Top 10 Ways to Stop Being Too Tired to Have Sex

Stop being too tired for sex! Find ways to rejuvenate instead. #marriage

Ever just feel too tired for sex?

Most of us do at some point or other. And because for women are sex drives are primarily in our heads, when we’re too tired to concentrate on sex, our bodies often don’t get in the game. And then sex doesn’t work well.

One interesting study I came across found that 25% of people reported being too tired to have sex.

That doesn’t surprise me, actually. In fact, I’m surprised it’s not higher. I remember when the children were little, and didn’t sleep, and I was so desperate to get at least 6 hours a night (even if it was broken up), that sex was far down on my priority list. It didn’t mean we weren’t intimate; it’s just that I was far more attuned to my need for sleep than I was my need for sex.

But as I wrote in To Love, Honor and Vacuum, exhaustion isn’t just about lack of sleep; it’s also about lack of downtime to recharge our batteries. It’s feeling like you’re working all the time–which is mentally exhausting, even if you’re not physically exhausted.

So let’s talk about that today: what do you do when you’re exhausted and you have no time for sex?

How do you get to the point where you are actually available to yourself and to your husband, both with time and energy?

Top 10 Ways to Stop Being Too Tired for Sex
Here are 10 ideas that will help you STOP being too tired for sex. And remember our Top 10 Tuesday philosophy: don’t try to do them all. Instead, pick ONE or TWO ideas that especially speak to you, and try your best to follow through and implement them this week.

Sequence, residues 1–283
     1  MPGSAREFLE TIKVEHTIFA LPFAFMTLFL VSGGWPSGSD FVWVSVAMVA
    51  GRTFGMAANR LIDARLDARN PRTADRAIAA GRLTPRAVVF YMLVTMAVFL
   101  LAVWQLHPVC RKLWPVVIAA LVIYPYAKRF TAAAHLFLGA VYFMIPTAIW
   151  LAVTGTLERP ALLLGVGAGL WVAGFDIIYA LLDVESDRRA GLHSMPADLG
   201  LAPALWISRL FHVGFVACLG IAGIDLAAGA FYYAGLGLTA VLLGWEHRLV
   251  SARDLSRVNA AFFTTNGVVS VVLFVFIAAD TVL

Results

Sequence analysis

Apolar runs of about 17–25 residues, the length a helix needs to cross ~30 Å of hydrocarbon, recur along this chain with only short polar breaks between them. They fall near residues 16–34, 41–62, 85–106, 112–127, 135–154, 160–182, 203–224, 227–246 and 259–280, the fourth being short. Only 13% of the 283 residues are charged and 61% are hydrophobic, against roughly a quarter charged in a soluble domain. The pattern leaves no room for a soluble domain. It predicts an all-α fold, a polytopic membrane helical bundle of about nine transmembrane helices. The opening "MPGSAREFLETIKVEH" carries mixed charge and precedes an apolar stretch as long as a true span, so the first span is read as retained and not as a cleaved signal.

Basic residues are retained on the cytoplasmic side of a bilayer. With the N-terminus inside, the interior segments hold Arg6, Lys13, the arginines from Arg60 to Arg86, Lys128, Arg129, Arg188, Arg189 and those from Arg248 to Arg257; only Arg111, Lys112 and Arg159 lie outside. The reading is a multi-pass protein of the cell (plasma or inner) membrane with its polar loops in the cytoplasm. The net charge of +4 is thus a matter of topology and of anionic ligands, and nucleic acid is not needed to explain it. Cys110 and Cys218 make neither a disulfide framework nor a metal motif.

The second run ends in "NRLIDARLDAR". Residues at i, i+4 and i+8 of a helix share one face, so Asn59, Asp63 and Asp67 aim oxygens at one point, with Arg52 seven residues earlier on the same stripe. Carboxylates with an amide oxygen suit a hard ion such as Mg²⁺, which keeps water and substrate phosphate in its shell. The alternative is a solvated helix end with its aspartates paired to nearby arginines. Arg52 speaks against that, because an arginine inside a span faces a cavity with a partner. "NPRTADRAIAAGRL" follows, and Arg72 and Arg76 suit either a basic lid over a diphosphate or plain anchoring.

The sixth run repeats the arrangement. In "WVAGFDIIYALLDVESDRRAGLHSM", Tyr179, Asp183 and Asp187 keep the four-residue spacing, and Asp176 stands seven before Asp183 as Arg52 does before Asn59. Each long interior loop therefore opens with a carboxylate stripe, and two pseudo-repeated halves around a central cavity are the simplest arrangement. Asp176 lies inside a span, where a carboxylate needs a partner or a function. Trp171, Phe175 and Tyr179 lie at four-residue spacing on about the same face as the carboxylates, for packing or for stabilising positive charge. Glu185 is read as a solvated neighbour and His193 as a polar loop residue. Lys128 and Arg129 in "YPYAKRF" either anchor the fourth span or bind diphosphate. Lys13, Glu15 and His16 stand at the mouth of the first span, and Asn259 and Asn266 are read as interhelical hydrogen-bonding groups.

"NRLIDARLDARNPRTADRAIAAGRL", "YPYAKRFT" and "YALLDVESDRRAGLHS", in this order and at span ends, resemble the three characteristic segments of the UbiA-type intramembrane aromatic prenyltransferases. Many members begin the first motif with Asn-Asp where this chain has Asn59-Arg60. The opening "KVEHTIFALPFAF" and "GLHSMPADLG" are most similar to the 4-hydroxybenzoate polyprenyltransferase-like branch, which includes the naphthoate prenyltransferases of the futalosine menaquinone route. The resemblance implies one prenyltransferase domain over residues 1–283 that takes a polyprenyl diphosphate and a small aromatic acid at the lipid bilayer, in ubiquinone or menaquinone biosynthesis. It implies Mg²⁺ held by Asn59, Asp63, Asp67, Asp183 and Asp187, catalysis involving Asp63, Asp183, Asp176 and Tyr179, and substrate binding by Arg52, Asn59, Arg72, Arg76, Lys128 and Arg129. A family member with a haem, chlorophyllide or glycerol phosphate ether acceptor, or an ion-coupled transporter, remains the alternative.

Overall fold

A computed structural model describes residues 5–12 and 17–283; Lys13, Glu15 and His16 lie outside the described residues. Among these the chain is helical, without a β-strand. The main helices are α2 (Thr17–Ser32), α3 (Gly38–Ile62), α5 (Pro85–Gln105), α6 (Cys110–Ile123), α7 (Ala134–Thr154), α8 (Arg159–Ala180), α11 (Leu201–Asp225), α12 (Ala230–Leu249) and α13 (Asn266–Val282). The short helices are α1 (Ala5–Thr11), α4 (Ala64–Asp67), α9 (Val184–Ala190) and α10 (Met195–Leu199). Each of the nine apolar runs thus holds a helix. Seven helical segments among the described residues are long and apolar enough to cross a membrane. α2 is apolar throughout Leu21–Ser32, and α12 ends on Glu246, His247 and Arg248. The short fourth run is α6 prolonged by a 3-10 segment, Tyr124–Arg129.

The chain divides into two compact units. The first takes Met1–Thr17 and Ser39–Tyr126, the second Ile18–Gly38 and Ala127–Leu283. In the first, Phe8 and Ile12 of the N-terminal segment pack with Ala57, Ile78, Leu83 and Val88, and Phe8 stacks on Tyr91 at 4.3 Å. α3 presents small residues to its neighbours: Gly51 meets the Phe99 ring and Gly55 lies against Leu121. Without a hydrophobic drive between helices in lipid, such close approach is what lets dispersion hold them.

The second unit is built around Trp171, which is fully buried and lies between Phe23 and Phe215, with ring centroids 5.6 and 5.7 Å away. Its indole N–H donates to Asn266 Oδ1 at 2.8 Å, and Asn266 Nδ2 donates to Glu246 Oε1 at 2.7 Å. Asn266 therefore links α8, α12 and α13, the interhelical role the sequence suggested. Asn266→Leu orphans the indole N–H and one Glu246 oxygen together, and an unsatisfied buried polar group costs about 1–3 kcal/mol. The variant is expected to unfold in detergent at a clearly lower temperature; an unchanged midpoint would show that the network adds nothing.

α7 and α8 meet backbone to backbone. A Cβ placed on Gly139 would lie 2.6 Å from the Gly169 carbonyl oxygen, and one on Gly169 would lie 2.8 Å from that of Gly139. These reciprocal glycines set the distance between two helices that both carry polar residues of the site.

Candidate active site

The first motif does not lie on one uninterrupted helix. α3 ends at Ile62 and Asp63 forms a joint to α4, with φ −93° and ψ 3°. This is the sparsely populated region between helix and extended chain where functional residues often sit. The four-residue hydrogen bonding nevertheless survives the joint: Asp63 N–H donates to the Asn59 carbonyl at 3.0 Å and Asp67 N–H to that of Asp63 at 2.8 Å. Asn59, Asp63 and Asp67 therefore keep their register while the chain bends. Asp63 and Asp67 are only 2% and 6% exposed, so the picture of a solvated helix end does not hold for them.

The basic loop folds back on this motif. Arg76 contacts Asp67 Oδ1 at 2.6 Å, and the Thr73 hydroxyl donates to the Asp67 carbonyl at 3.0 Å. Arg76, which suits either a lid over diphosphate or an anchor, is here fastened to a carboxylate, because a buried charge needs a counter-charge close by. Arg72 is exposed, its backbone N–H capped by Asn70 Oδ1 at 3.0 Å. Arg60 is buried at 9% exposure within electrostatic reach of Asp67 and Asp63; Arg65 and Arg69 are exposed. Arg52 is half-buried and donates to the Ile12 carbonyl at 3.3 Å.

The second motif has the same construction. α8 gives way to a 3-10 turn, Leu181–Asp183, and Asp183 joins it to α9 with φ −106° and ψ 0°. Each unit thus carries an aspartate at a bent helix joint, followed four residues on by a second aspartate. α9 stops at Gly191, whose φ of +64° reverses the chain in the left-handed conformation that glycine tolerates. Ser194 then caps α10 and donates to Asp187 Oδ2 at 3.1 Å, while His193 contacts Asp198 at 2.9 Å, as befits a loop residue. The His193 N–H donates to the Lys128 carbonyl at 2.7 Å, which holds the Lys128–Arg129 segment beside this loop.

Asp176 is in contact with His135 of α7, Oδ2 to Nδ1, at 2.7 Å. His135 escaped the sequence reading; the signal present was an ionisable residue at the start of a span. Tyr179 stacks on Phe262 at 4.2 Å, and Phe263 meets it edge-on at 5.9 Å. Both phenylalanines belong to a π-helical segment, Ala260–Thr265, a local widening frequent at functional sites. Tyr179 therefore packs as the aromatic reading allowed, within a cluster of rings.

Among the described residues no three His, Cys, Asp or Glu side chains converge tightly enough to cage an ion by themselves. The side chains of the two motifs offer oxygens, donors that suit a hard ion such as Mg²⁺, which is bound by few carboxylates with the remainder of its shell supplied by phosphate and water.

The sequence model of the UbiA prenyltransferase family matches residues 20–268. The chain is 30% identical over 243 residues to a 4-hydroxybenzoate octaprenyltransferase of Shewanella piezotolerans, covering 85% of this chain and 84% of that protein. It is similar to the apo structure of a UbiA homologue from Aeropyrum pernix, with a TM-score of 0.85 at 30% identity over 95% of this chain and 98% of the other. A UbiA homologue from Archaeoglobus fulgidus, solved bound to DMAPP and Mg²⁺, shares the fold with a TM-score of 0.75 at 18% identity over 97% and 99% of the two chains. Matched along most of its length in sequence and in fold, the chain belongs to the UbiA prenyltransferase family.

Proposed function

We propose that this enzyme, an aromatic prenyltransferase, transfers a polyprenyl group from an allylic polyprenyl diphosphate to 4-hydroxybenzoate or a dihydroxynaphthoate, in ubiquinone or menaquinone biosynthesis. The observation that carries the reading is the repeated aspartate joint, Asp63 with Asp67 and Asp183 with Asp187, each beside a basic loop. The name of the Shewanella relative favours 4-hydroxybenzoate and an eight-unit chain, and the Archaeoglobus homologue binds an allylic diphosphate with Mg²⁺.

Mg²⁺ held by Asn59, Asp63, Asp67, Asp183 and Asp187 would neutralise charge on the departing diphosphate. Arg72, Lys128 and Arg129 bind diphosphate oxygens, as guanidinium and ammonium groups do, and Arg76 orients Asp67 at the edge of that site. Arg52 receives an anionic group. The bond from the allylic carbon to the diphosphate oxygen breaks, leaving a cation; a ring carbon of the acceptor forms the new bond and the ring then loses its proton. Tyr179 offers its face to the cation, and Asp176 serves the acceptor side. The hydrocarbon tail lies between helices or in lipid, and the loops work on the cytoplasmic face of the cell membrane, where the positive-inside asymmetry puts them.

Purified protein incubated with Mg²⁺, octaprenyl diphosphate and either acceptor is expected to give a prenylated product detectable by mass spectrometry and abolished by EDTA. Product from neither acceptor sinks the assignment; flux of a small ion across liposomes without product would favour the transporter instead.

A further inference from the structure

Taking Time to Emotionally Recharge

Exhaustion isn’t only physical; it’s also emotional. When we aren’t doing things that feed us, we’ll chronically feel exhausted, even if we’re getting 9 hours of sleep a night. So let’s start with emotionally recharging.

1. Recharge Your Batteries Appropriately.

Some people are real extroverts, and they won’t be charged unless they get a lot of time to actually talk to people. If you need it, you don’t have to feel ashamed of it. Just schedule in some time everyday to talk with a friend, or go out for coffee after dinner with her. If you’re an introvert, and you need time alone, tell your husband this, and ask if he can do the bedtime routine so that you can have a bubble bath. In other words, be realistic about what you need.

If you don’t need time alone to feel invigorated, but you need time outside, then take a jog. But don’t feel guilty for taking time away from the kids! They can stand to be with their dad for a while, and he’ll be happier if you’re available to him later. It’s like the quadrant idea I shared with you last week: we all need to do those “important” things that recharge us if we’re going to have energy to pour back into relationship. So even though it feels selfish, it’s actually the opposite.

2. Find Someone to Watch the Kids.

If you’d love to try #1, but you don’t have time to yourself because of the kids, find a teenager in your neighbourhood to watch the children for two hours after school a few times a week so you can get some time to yourself. Don’t just use the time to do errands that won’t replenish you; put a priority on doing what you need to do to feel awake. Or ask your mother or your sister to watch the children for a while. Find someone to be your ally!